I bought acrylic frames for my brand sign and a sign for the Lucky Cats.  I had wire shelves so the Lucky Cats sign and my framed cross stitch could sit a bit higher.  I didn't bring my camera since I didn't want to have to worry about that, but my set up looked great.  Lucky Cats in little protective sleeves (with a Jupiter Star Power label on the back) lined up on one side of the table, crochet and cross stitch items on the other, and a sign up sheet for custom items in the middle with my Jupiter Star Power sign.

Unfortunately, I was placed in the middle of resellers.  "Bazaar means glorified yard sale," I texted my sister.

"Yard sale?" Kristen texted back.  "Damn, there's all kinds of crap you could have sold."  I don't think she realized that even if it was junk from our grandparents' house, I couldn't just leave it in my parking spaces at the end of the day.

My two spaces were also in the middle of the sun.  Sitting down, the sun was directly in my eyes.  It wasn't much better standing.  Along with the true meaning of the word bazaar, I also learned that canopies weren't optional.

Yes, I knew I was going to a parking lot in Virginia in early September.  Yes, I knew smart people used canopies.  I also knew I could not afford to invest in a canopy for my first craft show.  I could always put my leftover minicards in sold Etsy orders and my acrylic sign frames were 60% off at A.C. Moore (since I was smart enough to recognize that Staples' pricey professional sign frames were really cheap craft store frames).  The rest of my set up was borrowed from my parents, and I might not have signed up at all if we hadn't had a folding table in the attic.  The chairs were on loan from Amy, my accountant and legal intern.  I don't actually know how much a canopy would cost, but I assume it's too much for someone dipping their toes in the land of craft fairs.  Also, once the wind started to really kick up, it probably would've blown away.

I didn't account for the wind.  I taped my sign up sheet down and gradually started taping down the little cross stitch pieces, but I don't know how we could have secured the increasingly cracked and chipped acrylic Lucky Cats sign.  By the fifth or sixth time it blew over, I was ready to throw it as hard as I could and swear loudly.

There were never very many people.  Several people walking by slowed down to look at the cats and say, "How cute!" or pick them up and look at the backs, but my explanation of the prices seemed to scare them away.  Two different Baptist churches came to scout for their craft fairs.  After giving me a flier, a large woman picked up one of the hats and fondled it while repeating how cute it was.  She ran her hands around the inside and tugged on it and put it back down before walking on to the next booth.  A well dressed woman from a different church took one of my cards and handed me a flier.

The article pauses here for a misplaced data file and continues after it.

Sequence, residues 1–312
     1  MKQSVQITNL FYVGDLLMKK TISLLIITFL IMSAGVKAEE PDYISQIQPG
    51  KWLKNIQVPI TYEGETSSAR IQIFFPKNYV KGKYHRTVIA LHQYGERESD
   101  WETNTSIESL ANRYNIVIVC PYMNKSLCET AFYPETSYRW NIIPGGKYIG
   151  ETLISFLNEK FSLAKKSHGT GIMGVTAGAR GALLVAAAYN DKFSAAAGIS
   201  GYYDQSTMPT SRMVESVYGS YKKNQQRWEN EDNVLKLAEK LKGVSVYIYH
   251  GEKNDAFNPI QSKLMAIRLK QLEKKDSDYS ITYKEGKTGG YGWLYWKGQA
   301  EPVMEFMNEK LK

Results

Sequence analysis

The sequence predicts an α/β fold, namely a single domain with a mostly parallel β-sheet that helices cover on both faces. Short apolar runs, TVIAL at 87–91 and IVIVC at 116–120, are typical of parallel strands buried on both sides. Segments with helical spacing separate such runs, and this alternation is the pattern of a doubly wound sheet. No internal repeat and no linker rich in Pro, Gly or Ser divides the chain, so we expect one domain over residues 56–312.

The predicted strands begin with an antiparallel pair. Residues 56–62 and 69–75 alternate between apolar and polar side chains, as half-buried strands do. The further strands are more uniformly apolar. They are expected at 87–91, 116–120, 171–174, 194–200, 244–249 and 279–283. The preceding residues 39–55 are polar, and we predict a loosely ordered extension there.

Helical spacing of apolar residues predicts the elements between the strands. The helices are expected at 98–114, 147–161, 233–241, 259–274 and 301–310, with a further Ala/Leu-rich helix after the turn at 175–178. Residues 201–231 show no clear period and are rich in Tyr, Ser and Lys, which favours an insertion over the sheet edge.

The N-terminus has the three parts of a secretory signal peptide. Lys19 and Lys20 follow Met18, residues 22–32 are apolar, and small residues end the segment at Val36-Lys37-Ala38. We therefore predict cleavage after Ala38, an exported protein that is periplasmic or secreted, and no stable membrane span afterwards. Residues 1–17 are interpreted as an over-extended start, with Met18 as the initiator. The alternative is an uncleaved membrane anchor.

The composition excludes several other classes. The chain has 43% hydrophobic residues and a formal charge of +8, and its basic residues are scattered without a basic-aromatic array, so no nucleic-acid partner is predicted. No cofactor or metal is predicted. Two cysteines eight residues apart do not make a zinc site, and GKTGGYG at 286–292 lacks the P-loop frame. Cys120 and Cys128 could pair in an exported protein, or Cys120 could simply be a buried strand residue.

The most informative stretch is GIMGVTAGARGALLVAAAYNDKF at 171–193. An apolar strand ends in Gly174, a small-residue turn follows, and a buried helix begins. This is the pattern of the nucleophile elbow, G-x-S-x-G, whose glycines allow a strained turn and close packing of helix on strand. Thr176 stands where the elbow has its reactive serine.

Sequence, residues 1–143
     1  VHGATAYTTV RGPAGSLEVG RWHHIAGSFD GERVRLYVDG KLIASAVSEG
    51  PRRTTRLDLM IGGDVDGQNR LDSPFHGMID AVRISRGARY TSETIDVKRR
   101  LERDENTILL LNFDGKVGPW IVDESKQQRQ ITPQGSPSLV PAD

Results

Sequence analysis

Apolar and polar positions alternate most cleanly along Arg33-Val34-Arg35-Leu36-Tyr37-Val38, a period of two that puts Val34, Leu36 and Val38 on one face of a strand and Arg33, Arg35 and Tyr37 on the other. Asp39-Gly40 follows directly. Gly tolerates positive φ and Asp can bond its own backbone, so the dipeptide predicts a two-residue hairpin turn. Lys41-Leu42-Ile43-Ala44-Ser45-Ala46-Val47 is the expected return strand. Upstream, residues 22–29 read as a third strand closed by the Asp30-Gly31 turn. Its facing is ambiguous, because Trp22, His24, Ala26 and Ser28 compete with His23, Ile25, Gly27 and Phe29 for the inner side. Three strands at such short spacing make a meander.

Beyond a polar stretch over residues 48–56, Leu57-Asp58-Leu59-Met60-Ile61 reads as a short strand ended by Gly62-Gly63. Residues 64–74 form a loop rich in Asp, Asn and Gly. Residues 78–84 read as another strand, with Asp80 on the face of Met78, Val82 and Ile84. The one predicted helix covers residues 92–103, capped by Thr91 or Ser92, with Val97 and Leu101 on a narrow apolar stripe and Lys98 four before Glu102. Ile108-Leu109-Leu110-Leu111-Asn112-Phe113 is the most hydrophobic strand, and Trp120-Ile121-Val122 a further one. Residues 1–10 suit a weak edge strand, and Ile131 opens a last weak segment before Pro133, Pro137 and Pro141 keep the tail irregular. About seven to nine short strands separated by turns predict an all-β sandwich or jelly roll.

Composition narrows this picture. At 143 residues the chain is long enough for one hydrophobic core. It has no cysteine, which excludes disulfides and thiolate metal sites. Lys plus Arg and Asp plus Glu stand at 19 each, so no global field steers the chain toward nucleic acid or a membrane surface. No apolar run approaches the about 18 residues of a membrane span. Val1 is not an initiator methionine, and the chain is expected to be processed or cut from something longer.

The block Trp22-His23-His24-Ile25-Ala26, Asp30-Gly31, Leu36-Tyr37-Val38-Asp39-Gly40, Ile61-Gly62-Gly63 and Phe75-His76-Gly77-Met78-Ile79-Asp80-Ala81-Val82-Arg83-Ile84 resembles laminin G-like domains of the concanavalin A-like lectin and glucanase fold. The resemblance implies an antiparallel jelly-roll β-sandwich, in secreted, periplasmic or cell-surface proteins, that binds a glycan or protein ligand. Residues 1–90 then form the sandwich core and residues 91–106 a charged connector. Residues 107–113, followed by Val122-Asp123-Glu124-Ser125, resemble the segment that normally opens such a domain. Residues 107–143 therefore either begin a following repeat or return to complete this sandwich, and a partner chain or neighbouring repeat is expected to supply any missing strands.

Julia came to visit.  She picked up one of the hats and immediately wanted one, "in my size.  Dark red.  Not bright red."  She tapped the frame of the Super Mushroom cross stitch.  "Not this."  I asked her to write it down on the custom order sign up sheet (earlier in the day I'd considered adding Marcela's rainbow scarf like putting a few coins in a donation jar to get people started).  We talked yarn choices.  We mostly talked about her new job and my now less new job.

A woman came through with two elderly women--Miss Maxine and an unnamed woman with a cane.  The younger of the three--though older than me--was either a nurse or a devoted family member.  Nurse or Devoted Relative looked at the cats and told one of her charges that she would like those.  Then they kept going to their real destination: the reseller next to me.

"These are the shoes I like," said Miss Maxine.

"What's your shoe size?" Nurse or Devoted Relative asked in the tone used for the mentally incompetent or the presumed mentally incompetent.  Miss Maxine was already taking off one of her own shoes and sliding her foot into one of the pink shoes.  She had enough balance to pull this off, but not enough to use her hands to help her try it on.

"You're an 8 and a half," said Nurse or Devoted Relative.  Miss Maxine had already moved her foot back and forth.  The shoe fit.  "How much?" asked Nurse or Devoted Relative.

"$3," said one of the people running the table.

"How about two?" asked Nurse or Devoted Relative.

The vendor paused.  I could practically hear her weighing her options.  Not many people had come through. It was already after 10, and no one in our corner of the lot had been selling well.  Her hesitation and her expression screamed that she wanted $3, but she was afraid that would mean the shoes wouldn't sell at all.  "Okay," she said.

Miss Maxine got her shoes in a plastic grocery bag.  She walked slowly off, holding the bag behind her back.

A woman with younger children had come up to look with the shoes while Nurse or Devoted Relative was bargaining on Miss Maxine's behalf.  Young Mom picked up a pink high heel while her children ran around the parking lot shrieking and grabbing toys from a currently unguarded table.  "How much?"

"$2."  I wondered if this was because the woman had clearly heard Nurse or Devoted Relative's haggling.

"Would you take one?"